Monday, January 17, 2011

My take on heartbreak

It has occurred to me that the very act of loving someone, deeply, truly and from your soul, is heartbreak. You give a piece of your heart to that person, and for so long as s/he is close, the break goes unnoticed. But when that relationship ends and the person is no longer by your side, the pain reveals itself and the word "heartbroken", as it is commonly understood, enters into the dialog. As always, I draw from what I know.

I've been blessed with a very passionate, intense, eye-opening love in my life for the last several months, a love that, quite frankly, has been tested, and tested me, from the very beginning. I handed over a piece of my heart without a second thought, expecting nothing but the same in return. But how is that nothing? It is actually everything. And sometimes, everything is just more than some people can give. Sometimes your version of everything is quite different from the other person's. When faced with that, you either accept it and find a way to make the best of things, or you recognize that it is not going to be enough to sustain you and walk away. I tried the former, because pure, profound, delicious love lets you do that for a while. Love amps up your own supply of patience, understanding, flexibility, tolerance, compassion, whatever is needed to help you compensate for your beloved. That's part of what love is about, giving more at times and doing so with grace. But we all have our limits, and ultimately love needs reciprocity in relatively equal measure over the long run. Love needs both lover and beloved to be on the same page, as it were. If there is too great of an imbalance or disconnect for too long, you may find it best to choose the latter option and walk away. You'll know in your heart when you reach that point, and if you listen to it carefully, your heart will always guide you in the right direction. That direction may seem incredibly scary or painful when you start heading in it, but that doesn't make it wrong. That's the point I found myself at.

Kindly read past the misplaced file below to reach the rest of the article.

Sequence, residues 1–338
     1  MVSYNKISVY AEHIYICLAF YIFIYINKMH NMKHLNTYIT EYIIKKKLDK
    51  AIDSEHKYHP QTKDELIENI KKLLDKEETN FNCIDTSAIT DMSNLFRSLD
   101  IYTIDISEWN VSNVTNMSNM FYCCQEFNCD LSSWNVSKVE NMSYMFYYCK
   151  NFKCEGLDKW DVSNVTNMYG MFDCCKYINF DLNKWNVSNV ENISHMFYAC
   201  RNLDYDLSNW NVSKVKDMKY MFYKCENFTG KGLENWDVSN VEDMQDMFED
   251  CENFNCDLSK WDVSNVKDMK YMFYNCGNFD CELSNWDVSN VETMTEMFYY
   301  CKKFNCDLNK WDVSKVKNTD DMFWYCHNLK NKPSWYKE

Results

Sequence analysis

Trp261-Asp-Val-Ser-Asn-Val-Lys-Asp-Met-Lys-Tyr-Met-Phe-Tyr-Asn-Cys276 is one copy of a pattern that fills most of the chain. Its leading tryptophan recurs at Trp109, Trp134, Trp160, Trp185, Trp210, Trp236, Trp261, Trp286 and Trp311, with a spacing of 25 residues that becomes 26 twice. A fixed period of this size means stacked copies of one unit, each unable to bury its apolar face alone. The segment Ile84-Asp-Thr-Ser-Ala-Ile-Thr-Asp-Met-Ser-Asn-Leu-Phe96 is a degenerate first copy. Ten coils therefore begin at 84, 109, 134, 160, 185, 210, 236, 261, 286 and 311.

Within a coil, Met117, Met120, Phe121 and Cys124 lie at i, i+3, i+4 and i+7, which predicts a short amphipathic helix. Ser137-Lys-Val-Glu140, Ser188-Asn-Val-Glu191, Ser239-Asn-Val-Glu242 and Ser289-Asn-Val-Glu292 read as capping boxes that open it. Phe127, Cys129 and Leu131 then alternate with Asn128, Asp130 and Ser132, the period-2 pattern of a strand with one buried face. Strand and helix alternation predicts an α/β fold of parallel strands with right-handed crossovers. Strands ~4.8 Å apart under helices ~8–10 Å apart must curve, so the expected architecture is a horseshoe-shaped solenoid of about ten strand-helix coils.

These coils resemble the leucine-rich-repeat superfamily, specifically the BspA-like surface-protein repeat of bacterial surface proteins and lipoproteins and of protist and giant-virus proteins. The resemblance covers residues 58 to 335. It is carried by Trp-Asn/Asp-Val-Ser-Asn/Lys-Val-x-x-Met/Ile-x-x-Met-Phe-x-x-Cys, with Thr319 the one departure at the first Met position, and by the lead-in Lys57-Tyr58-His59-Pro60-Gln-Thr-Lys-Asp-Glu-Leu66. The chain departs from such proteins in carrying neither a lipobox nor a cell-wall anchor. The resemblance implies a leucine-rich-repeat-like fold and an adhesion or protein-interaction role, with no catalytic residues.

I could place blame in order to make my decision easier to swallow, substituting anger for the scary and painful feelings. Why do you think most stories have a good guy and a bad guy? Blame the bad guy, of course! But in life, and love in particular, that isn't always so. Many times, when a love ends, there are no bad guys. There are two people who tried, who loved, but who just couldn't get it quite right, whether because of timing or circumstances or any number of reasons. While that isn't always easy to accept, at least not for me, I've come to believe it is true. With my ex-husband, it took me quite a while to release blame and instead see that we were just not meant to be. We just recently sat down to our first meal as friends, two years after we first split, and it was incredibly gratifying to see how far we'd come and that there are no bad guys. With A. I'm making my peace with the fact that our timing is off, and so no matter how much love we share, it isn't meant to be right now. I'm doing this early enough on so that it will hopefully spare us greater heartache than is absolutely necessary. Why would heartache be necessary at all, you might ask? Well, I believe it is because we need to revere love lost as the incredible teacher that it is. If it didn't ache to lose love, would we really take the time to reflect and learn the lessons we are meant to learn in these instances? If you can just walk away from love without feeling some pain, was it really love to begin with?

So right now I'm a little heartbroken, and I can accept that. I've given a piece of myself to someone I love, and for a while we walked alongside one another on our respective paths. Our paths have diverged. I am better for it because I have learned and experienced so much good through this relationship. I hope he feels the same, if not immediately then eventually. There is hurt, there is sadness, there is longing. I feel them all very acutely, but I can tolerate them, I can tolerate heartbreak, because gratitude is stronger. I'm thankful for this opportunity I've had with A. to love and to connect, to enrich and be enriched. And along with gratitude, I have faith that more love, connection and enrichment are to come.

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